• Stars: Officers at the O-7 through O-10 pay grades wear one, two, three or four stars, respectively.

To see what these insignia look like for each rank in your service branch and to learn the names of each rank, go to the Department of Defense’s display of officer and enlisted insignia.

What are the rank categories?

There are four hierarchical categories:

  • Junior enlisted personnel: This refers to service members at the entry pay-grades. Each service branch has a different name for their junior enlisted personnel. The level at which service members are no longer considered junior enlisted personnel also varies. For instance, an E-1 in the Army and Marine Corps is called a private, in the Air Force an airman basic, and in the Navy an E-1 is called a seaman recruit.
  • Non-commissioned officers: Enlisted service members in pay grades E-5 through E-9, plus E-4 Army and Marine Corps corporals and Navy petty officers, are considered non-commissioned officers.
  • Warrant officers: Service members in pay grades W-1 through W-5 of the Army and Marine Corps are warrant officers. The Navy’s warrant officers hold pay grades W-2 through W-4.
  • Commissioned officers: Military commissioned officers hold the highest military ranks in the pay grades of O-1 through O-10.

How to greet each rank

Here’s a quick cheat sheet for how to address each rank in person:

  • Commissioned officers: rank (General, Lieutenant, Colonel) + last name
  • Warrant officers: Mr./Ms. + last name

It gets a little trickier with enlisted soldiers and non-commissioned officers:

  • Privates (E1 and E2) and privates first class (E3): Private + last name
  • Specialists: Specialist + last name
  • Sergeants, staff sergeants, sergeants first class and master sergeants: Sergeant + last name
  • First sergeants: First Sergeant + last name
  • Sergeants major: Sergeant Major + last name

Life After Basic Army Combat Training

service member looks at smoke

Following your Army basic combat training, you’ll take one of two paths, advanced individual training or Officer Candidate School to advance in your military career.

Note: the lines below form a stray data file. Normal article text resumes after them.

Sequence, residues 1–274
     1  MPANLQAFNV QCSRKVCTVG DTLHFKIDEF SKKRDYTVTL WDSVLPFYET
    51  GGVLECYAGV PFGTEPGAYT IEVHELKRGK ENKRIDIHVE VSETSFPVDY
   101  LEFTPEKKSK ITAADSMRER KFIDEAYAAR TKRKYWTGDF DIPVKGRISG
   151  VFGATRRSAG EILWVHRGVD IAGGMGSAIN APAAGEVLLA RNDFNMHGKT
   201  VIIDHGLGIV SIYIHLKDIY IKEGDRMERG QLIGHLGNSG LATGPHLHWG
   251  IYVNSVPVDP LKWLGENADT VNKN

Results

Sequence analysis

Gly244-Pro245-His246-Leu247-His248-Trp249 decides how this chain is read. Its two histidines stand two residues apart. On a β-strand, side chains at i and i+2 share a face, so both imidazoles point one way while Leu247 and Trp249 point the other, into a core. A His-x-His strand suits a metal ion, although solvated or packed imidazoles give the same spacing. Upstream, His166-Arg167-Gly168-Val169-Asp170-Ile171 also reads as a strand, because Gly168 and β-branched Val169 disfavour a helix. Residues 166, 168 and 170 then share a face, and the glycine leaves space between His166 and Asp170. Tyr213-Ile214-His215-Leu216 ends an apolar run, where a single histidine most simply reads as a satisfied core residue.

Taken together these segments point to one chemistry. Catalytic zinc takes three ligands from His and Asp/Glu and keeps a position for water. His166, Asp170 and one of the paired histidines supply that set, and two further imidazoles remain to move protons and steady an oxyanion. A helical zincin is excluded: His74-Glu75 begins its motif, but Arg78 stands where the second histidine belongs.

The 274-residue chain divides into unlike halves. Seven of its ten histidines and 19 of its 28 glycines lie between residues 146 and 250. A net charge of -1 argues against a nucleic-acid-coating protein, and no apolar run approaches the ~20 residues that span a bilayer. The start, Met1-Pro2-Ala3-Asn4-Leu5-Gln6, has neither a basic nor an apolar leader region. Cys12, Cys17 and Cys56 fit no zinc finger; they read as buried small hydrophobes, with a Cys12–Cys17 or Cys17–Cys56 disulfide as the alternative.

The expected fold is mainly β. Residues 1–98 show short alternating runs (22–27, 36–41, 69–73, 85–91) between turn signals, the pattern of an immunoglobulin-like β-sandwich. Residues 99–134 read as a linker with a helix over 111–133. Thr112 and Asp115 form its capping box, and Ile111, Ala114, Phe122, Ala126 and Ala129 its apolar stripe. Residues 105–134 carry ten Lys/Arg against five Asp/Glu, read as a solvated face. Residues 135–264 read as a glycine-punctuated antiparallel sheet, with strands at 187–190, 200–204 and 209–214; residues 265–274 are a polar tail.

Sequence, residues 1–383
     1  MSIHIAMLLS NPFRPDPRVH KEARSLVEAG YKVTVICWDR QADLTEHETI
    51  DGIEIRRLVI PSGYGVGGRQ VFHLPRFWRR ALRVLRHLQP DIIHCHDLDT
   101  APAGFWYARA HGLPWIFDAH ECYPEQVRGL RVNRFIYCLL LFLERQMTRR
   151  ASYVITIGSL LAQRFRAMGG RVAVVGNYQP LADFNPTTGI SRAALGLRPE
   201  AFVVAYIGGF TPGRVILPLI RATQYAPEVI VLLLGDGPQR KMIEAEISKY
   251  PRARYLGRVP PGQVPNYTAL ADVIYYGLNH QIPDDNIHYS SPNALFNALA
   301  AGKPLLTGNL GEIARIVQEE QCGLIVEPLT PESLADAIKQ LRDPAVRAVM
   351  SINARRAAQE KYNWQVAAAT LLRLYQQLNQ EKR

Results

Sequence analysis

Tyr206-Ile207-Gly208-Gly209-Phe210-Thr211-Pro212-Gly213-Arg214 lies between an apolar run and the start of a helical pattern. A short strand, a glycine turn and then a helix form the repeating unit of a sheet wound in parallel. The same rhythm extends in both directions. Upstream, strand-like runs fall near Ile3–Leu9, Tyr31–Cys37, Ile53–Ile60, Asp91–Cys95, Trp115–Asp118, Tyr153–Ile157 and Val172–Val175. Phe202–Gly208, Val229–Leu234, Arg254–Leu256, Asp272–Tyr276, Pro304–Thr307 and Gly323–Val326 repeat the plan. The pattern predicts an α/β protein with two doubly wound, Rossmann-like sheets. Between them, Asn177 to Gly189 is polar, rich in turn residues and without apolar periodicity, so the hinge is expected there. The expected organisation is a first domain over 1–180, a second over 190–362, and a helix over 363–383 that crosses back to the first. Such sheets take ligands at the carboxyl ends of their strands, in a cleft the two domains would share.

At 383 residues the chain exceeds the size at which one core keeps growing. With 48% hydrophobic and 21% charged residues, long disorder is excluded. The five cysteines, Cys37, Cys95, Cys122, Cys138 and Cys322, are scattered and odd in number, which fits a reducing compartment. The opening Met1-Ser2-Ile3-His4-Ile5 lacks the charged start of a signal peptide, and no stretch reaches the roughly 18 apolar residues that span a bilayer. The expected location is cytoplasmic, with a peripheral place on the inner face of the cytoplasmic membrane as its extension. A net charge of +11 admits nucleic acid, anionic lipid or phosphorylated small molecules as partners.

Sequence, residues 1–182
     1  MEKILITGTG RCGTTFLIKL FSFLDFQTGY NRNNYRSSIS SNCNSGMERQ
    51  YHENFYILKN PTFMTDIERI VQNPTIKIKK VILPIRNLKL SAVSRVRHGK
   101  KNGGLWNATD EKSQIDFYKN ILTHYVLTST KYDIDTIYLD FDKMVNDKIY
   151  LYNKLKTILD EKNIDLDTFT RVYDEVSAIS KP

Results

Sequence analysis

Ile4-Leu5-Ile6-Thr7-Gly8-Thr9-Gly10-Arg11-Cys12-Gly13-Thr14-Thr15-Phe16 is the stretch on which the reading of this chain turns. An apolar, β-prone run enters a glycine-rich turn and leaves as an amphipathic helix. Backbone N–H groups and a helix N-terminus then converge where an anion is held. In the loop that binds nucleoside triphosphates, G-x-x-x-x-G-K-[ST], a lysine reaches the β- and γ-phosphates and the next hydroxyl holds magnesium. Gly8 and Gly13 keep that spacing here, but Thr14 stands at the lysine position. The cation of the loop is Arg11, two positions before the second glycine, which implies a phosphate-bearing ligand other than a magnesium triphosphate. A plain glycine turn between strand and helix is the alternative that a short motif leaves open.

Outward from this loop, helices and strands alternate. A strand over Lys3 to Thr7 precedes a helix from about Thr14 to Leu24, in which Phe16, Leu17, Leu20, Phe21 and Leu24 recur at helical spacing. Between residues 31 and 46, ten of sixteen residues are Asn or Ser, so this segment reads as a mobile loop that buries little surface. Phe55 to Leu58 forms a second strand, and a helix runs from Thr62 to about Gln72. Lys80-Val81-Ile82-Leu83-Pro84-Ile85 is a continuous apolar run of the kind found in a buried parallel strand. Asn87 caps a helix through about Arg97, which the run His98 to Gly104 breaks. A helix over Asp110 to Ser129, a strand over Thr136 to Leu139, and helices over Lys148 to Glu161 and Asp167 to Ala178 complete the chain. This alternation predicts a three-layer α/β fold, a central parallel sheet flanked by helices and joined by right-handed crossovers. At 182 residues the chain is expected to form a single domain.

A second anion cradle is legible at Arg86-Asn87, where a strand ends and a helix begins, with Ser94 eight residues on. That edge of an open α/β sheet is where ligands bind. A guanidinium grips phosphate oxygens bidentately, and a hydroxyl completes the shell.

Advanced individual training

Advanced individual training is where you will learn the skills needed to perform a specific Army job, such as artillery or engineering. At your AIT school, you’ll receive hands-on training and field instruction to make you an expert in that career field. There are 17 career fields and the schools are designed to help you gain discipline and a work ethic that will benefit you for the rest of your career.

Where you train and for how long will depend on your job, called a Military Occupation Specialty or MOS. See this list of advanced individual training schools and what you will learn at them.

Training & Officer Candidate School May Be Impacted By COVID-19

Contact your recruiter or commander for the most accurate, up-to-date information.

Army Advanced Individual Training Schools

Learn more about AIT on the Army website.

Army Officer Candidate School

To become an officer in the Army, you must earn a degree from a four-year university. Then there are four different paths you can follow based on your goals:

Officer Candidate School is a rigorous 12-week program to determine your mental, physical and emotional potential as a leader. The Army is the only branch of the military that requires potential officers planning to attend OCS to first enlist and attend basic combat training. You’ll learn a variety of leadership skills and small-unit tactics, before beginning your officer training, which has two phases:

At graduation, you will be given a formal commission as a U.S. Army Officer and assigned to the rank of Second Lieutenant, the first of the commissioned ranks.

Learn more about becoming an officer on the Army website.

Learn more about advanced individual training on the Army website.

Army Officer Candidate School

To become an officer in the Army, you must earn a degree from a four-year university. Then there are four different paths you can follow based on your goals:

  • Attend Army Officer Candidate School after you have earned your bachelor’s degree from a traditional university.
  • Attend the United States Military Academy, also known as West Point, after high school.
  • Join the Army Reserve Officer Training Corps while attending a traditional university.
  • Receive a direct commission as a professional in a field such as law, medicine or religion.

Officer Candidate School is a rigorous 12-week program to determine your mental, physical and emotional potential as a leader. The Army is the only branch of the military that requires potential officers planning to attend OCS to first enlist and attend basic combat training. You’ll learn a variety of leadership skills and small-unit tactics, before beginning your officer training, which has two phases:

  • Phase One: You’ll learn the basic leadership skills and the physical and mental challenges required of a commissioned officer.
  • Phase Two: You’ll put your leadership skills to the test with an intense 18-day training mission.

At graduation, you will be given a formal commission as a U.S. Army Officer and assigned to the rank of Second Lieutenant, the first of the commissioned ranks.

Learn more about becoming an officer on the Army website.